14 articles in Nigeria
The policy thrust in the Nigerian infrastructure sector is now heavily geared towards PPPs, following a presidential water summit earlier this year.
Nigeria’s most populous state has stepped up efforts to boost private sector participation in its water supply infrastructure. Group managing director Shayo Holloway outlines his plans to GWI.
Rampant population growth and urbanisation have forced the authorities in Lagos to seek private finance to construct a series of drinking water plants. Implementing tariff reform will be more difficult.
Public-private partnerships seem to be making headway in various markets around the world. In the US, legislation to lift the cap on private activity bonds for water projects is moving ahead smoothly.
The British contractor is late delivering a vital project for the capital, Abuja.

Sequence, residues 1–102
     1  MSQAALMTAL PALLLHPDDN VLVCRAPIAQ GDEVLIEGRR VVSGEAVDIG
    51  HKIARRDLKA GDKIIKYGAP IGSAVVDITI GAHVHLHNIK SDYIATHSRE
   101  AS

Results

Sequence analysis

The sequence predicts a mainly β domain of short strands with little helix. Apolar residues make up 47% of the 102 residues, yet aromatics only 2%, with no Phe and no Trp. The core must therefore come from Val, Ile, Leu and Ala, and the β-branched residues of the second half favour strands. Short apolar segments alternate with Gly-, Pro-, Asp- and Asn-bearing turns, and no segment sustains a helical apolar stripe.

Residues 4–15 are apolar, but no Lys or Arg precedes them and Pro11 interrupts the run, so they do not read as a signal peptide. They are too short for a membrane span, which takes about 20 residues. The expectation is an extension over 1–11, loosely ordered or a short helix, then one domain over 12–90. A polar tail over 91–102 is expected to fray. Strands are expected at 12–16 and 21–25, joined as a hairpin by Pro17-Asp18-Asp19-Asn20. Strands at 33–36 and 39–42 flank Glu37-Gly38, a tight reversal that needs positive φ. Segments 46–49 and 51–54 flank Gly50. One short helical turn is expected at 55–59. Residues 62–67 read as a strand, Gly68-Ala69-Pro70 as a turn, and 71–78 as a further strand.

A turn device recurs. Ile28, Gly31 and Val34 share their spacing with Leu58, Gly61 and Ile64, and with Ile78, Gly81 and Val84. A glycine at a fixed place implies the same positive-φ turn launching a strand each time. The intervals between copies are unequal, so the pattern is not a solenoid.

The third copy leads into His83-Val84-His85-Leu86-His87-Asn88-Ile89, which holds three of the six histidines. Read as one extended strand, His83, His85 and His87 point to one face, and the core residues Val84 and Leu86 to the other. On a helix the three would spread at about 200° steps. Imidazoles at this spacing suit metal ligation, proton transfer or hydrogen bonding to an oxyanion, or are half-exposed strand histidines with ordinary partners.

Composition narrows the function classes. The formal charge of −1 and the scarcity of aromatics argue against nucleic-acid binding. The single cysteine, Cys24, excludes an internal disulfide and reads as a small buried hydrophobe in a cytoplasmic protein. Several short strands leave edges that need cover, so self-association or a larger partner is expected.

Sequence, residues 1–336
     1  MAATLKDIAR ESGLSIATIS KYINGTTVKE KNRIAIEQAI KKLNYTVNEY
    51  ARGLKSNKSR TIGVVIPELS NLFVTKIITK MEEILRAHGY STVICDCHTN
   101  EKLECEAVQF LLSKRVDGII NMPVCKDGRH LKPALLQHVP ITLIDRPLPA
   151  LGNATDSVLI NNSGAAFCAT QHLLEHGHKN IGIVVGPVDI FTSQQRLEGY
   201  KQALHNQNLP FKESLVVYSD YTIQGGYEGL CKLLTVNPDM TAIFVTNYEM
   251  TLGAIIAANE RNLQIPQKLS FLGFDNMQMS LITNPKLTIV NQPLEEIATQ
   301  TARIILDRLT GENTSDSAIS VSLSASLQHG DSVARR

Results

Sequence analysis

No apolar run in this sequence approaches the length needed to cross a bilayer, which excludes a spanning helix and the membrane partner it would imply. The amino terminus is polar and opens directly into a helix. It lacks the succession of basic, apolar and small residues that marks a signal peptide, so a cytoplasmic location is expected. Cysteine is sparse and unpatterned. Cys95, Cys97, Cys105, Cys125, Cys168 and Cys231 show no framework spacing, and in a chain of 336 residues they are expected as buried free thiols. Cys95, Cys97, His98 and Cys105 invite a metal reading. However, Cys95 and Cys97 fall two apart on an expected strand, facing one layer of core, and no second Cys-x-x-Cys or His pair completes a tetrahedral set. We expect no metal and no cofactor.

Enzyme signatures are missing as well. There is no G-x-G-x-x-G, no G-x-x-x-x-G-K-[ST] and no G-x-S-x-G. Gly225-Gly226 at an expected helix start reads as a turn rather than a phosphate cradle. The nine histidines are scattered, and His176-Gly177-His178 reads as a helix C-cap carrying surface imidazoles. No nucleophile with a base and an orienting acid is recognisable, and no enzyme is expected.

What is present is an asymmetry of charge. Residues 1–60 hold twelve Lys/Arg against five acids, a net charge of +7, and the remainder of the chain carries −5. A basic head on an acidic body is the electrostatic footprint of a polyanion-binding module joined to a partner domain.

Despite an unpleasant experience in Tanzania, Biwater still has an appetite for African risk. It has just signed a £57 million deal in Nigeria.
Saudi Arabia: The Saline Water Conversion Corporation (SWCC) and Saudi Electricity Company (SEC) invited international developers to submit expressions of interest for the Kingdom’s first IWPP at Shoaiba, 120km south of Jeddah (see tracker).
But it’s still an uphill struggle in Lagos.
The tender process for the contract to run water services for the Lagos State Water Corporation (LSWC) is starting to trigger interest in the Nigerian water sector as a whole. A federal bill permitting widespread private involvement in the sector is completing its passage through the legislature and a series of other contracts may follow the Lagos concession. However, any foreign private companies interested in Nigeria will face a multitude of challenges as well as opportunities.
We start this month with some good news from Nigeria. After several false starts, Lagos state appears ready to put out the tender documents for two concession contracts. The concessions will be for the Lagos East and Lagos West areas.